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Notebook
Gary Van Sickle
October 08, 2001
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October 08, 2001

Notebook

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Pine Valley has been the top-ranked course in the U.S. for 16 years, but since the club's opening in 1922, only its members, who these days number about 1,200, and their guests have had the chance to play the George Crump-designed course and enjoy a bowl of the club's renowned turtle soup. That will change on successive Mondays, Oct. 15 and 22, when the exclusive men's club in Clementon, N.J., will be open to the public for the first time.

On Sept. 25, Pine Valley announced that to raise money for the Twin Towers Fund of New York City, which benefits the families of the firemen, policemen and other uniformed personnel who died in the Sept. 11 attack on the World Trade Center, the club would allow 140 golfers to play the course on Oct. 15 for a greens fee of $1,000 each, with the proceeds going to the fund.

The club was overwhelmed with almost 2,000 requests from around the world, and less than 24 hours later all the spots were filled. When Pine Valley member Barney Adams found out the news on the following day, he immediately speed-dialed the main number for an hour. "It was like trying to get front-row tickets to the Eagles. I wanted to participate, but I couldn't get through," Adams said from his house in Dallas. "I heard one of the members drove to the course and wrote a check for $5,000 and then told the club to give his spots to someone else."

Because of the heavy response, Pine Valley added the second day, permitting 124 more golfers to play a round. "I've been a member at Pine Valley for 20 years, and I've never been more proud to be a member there than I am now," said Adams, founder of Adams Golf. "You talk about a bastion of guys in funny clothes and poke fun at the exclusiveness of the club, but in a difficult time this first-class organization has come through to do a first-class job."

Equipment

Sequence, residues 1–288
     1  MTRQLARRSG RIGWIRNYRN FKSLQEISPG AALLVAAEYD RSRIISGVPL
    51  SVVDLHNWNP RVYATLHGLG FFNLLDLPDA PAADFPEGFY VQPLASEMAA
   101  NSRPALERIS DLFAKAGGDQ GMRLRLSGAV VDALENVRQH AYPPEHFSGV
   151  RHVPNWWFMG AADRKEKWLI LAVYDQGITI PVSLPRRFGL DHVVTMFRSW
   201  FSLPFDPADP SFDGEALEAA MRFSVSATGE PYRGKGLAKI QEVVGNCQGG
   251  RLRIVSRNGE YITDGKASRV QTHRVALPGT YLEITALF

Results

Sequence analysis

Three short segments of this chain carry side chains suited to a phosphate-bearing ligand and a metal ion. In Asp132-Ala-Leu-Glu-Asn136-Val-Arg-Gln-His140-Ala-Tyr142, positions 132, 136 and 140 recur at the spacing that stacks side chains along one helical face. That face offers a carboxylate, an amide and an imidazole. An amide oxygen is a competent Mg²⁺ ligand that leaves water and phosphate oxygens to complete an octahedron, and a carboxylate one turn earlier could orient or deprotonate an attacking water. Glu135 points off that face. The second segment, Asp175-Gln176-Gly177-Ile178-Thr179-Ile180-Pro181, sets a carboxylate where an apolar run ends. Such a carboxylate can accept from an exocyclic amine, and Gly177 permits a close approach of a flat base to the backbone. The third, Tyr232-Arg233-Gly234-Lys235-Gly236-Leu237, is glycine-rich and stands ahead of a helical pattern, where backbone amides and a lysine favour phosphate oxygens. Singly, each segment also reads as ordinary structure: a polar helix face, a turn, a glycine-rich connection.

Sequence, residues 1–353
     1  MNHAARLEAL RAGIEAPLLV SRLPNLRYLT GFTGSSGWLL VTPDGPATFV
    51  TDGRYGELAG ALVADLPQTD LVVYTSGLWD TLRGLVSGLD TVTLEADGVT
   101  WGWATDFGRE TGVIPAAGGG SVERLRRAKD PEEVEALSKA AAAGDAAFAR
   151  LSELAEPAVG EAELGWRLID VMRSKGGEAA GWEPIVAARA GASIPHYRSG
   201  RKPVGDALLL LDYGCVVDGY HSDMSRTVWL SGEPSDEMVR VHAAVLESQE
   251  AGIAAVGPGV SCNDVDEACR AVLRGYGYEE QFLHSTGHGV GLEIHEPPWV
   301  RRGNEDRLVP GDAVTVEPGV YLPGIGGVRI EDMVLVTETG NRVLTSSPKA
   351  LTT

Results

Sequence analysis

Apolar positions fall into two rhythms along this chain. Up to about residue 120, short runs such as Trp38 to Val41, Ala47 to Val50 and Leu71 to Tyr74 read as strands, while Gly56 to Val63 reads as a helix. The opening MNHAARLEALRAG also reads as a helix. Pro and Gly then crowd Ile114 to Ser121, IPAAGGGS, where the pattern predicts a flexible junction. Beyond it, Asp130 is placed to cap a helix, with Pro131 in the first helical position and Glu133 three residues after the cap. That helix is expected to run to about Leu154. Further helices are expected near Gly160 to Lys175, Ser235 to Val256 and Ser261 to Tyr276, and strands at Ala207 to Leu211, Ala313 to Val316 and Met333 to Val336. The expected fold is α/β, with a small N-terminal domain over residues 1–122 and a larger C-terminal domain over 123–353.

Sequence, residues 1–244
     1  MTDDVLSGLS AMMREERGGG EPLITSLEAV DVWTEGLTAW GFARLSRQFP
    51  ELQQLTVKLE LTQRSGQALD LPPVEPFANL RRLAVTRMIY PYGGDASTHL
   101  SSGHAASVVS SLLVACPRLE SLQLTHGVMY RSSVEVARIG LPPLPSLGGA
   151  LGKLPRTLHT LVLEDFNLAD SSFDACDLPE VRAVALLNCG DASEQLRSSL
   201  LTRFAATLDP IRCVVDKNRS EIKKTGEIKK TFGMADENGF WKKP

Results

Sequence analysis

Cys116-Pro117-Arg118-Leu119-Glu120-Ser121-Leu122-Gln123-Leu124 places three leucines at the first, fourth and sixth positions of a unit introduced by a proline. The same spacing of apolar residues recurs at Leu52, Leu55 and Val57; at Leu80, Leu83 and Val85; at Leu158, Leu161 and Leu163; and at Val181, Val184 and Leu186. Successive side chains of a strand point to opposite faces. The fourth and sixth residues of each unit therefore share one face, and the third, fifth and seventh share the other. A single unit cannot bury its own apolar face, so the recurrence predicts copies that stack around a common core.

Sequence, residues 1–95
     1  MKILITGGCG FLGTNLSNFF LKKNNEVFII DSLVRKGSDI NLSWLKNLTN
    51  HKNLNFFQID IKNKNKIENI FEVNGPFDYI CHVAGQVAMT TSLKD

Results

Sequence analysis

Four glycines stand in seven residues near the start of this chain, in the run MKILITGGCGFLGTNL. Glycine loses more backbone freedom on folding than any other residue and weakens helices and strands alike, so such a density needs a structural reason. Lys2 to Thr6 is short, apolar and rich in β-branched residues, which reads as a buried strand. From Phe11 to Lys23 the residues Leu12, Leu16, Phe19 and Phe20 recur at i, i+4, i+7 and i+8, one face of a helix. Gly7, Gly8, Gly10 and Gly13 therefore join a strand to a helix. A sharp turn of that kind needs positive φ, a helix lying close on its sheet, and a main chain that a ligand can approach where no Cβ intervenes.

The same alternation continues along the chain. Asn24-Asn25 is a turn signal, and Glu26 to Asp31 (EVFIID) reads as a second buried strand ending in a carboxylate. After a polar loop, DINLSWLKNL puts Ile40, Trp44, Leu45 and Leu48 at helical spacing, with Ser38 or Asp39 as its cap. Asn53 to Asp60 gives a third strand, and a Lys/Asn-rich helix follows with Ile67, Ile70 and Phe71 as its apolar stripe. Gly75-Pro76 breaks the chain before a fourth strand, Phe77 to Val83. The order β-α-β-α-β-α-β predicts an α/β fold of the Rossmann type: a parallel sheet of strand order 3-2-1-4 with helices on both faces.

C-Thru Grip a Clear Winner

The future of golf grips is clear, and saying so is not a transparent attempt to hype the most unusual equipment innovation of the year: the C-Thru grip (c-thruputters.com). Manufactured by Percise Golf in Pomona, Calif., and distributed by Mickey Novak, a veteran clubmaker based at the David Leadbetter Academy in Orlando, the C-Thru is made of Vulcathane rubber and is transparent.

Available only in putter grips, the C-Thru is soft, tacky and water repellent. Almost as important to marketers, a logo put on the butt end of a shaft is visible through the grip. The grip is already being seen on Tour. Charles Howell used one at the Greater Milwaukee Open, in which he finished second. John Cook played with a C-Thru over the logo of his alma mater, Ohio State, when he won the Reno-Tahoe Open last month. Mike Hulbert opted for the Stars and Stripes at the Texas Open. 'As long as I keep one-putting, I'm leaving it on," Hulbert says. Semiretired Tour player Brad Bryant, who's helping Novak by promoting the grip among his peers, used C-Thrus tinted with various colors and emblazoned with his nickname, Dr. Dirt, on his irons at the B.C. Open in July. "I got a lot of comments," Bryant says. "Everybody thought they were cool."

Novak says he's adding two putter-grip designs and hopes to come out with Tour-caliber grips for irons and woods. "The first ones were good for amateurs who don't swing too hard," he says, "but the grips were a little too spongy for better players."

[This article contains a table. Please see hardcopy of magazine or PDF.]

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